Sunday, June 14, 2009

Colorado Inmate awarded $1.35 Million

Colorado's prison system gained national attention recently--unfavorable attention. The 11 June New York Times reported a 1.35 million dollar award to a female inmate who'd been raped by a guard at the Denver Women's Correctional Facility .

A 12 June report in the Denver Post provided more information. It notes that between 2005 and 2007, 62 cases of sexual misconduct by DOC personnel were substantiated and resulted in firings. Presiding Federal Judge David Ebel said that sexual abuse of inmates "remains distressingly common in Colorado prisons."

The details are gruesome. Don't read what follows if you're subject to nightmares. The Post details what the guard, LeShawn Terrell, did to the inmate this way:

Court records say that on Mother's Day 2006, Terrell approached the inmate during her shift in the prison kitchen and told her that in exchange for sex, he would "take care of her."

After the first encounter, Terrell expected her to perform sex acts with him almost every shift, the documents say. In October 2006, the woman refused him. Terrell got angry, raped the prisoner and left her bleeding on the floor of the bakery cooler, court records show.

"For nearly two years following the rape, (she) suffered pain and bleeding when she defecated," Ebel wrote in his decision, handed down Wednesday. "She repeatedly attempted to get help. . . . Rather than doing an examination, the (DOC) medical staff told (her) to use stool softeners, Milk of Magnesia, or hemorrhoid cream."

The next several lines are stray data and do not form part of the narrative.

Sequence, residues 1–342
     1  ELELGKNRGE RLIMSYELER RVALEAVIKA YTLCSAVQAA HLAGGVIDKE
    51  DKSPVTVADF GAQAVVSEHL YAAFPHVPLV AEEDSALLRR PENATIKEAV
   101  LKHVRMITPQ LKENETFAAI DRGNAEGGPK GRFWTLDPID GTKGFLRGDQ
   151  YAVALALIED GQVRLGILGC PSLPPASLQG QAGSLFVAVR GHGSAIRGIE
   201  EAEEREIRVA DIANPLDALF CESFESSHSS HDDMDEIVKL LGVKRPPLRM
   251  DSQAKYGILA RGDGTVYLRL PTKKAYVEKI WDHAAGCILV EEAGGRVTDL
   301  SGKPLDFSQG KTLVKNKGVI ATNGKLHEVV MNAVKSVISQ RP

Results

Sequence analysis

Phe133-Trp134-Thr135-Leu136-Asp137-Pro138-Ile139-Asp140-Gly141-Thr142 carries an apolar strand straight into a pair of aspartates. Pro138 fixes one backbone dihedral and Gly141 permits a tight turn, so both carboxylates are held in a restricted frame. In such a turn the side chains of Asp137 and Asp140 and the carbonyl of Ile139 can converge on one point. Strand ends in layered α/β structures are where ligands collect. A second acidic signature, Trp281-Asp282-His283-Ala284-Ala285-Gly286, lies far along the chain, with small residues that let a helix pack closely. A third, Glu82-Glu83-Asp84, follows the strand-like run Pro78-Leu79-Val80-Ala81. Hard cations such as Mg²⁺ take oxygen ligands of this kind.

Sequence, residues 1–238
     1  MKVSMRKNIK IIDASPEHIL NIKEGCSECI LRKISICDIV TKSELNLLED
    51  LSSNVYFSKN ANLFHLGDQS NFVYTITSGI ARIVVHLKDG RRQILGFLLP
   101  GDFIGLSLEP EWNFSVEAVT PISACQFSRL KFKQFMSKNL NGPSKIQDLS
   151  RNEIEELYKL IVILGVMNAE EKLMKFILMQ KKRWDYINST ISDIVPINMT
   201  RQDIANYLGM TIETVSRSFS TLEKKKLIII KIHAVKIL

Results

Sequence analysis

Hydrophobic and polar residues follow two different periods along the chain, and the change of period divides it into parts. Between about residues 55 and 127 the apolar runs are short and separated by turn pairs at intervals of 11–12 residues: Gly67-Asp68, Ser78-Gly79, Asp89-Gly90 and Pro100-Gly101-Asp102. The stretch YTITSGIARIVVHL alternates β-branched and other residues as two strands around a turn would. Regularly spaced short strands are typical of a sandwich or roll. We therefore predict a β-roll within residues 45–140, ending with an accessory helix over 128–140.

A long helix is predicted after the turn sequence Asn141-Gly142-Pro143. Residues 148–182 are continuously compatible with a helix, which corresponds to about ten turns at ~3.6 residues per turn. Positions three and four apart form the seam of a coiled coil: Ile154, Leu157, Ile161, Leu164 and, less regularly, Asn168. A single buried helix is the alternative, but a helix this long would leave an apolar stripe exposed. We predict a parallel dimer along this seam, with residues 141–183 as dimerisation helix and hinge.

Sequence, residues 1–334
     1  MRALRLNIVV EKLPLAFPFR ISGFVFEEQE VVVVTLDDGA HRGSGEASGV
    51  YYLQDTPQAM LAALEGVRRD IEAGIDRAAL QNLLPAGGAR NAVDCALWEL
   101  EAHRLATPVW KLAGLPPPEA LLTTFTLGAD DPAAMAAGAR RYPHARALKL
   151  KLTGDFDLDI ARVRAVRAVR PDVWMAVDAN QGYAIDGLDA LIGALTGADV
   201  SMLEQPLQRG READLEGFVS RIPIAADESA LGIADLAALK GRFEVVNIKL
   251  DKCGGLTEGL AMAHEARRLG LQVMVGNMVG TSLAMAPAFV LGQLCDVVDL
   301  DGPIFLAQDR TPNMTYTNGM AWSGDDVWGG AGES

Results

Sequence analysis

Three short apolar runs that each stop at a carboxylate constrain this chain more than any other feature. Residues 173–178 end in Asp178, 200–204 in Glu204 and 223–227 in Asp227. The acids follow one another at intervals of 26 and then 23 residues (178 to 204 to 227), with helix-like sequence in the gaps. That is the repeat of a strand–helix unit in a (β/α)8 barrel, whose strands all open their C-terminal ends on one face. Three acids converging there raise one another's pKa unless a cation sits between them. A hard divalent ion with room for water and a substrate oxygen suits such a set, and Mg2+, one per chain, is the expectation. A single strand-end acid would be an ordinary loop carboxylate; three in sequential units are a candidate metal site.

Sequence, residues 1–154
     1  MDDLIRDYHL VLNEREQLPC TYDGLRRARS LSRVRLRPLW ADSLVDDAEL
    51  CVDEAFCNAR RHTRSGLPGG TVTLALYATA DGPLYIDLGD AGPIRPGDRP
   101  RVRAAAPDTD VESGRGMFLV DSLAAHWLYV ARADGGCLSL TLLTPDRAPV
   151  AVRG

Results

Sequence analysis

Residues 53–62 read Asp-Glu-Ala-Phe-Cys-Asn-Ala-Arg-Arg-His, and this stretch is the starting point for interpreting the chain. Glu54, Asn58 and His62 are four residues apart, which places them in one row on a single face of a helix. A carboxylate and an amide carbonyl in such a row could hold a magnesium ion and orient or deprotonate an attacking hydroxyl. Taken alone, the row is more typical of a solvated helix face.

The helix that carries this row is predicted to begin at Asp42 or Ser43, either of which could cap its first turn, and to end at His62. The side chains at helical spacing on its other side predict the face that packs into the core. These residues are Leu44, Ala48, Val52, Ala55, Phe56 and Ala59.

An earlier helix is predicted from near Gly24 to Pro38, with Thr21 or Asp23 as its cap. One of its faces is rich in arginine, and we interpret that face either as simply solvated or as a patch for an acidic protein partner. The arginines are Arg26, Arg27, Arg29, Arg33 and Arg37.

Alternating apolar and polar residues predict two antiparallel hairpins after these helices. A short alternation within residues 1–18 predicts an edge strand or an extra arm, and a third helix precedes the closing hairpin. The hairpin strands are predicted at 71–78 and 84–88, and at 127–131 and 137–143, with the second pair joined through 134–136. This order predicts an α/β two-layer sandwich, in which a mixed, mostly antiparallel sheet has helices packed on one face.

The inmate had surgery for her injuries after she filed her lawsuit.

What's truly amazing is that the Denver DA cut a deal with the guard, allowed him to plead guilty to a misdemeanor for which he received a 60-day sentence and 5 years probation.

Judge Ebel had a few words for the Denver DA as well: "This court is appalled that despite CDOC's 'zero tolerance' and 'aggressive prosecution' policy — and despite the horrific violence of the Oct. 7, 2006, rape — the Denver District Attorney permitted Terrell to plead to a Class 1 misdemeanor offense that carried a 60-day term of imprisonment."

Before I push the "publish" button on this post, I want readers to know that my personal contact with Colorado DOC personnel has been fairly extensive, and I've found them generally to be professional and decent as they go about their duties. And I hate to see them smeared by the actions of those who haven't upheld the standards expected.

The way for DOC personnel to avoid such smearing is to enforce standards within their sphere of influence. That means watching for the red flags of abuse by co-workers, and informing supervisors when you suspect someone of abuse. As someone who's spent 38 years in the Air Force, I know how easily personal loyalties to co-workers can lead to tolerating lapses in the performance of co-workers. That's why cadets at the Air Force Academy, where I teach, must live by an honor code that prohibits toleration of those who are unwilling to uphold standards.

In the case of the rape victim at DWCF, someone had to have seen the warning signs, someone had to have decided to look the other way, to not even perform a physical examination. There had to have been others who tolerated the abuse, and they should be ashamed.

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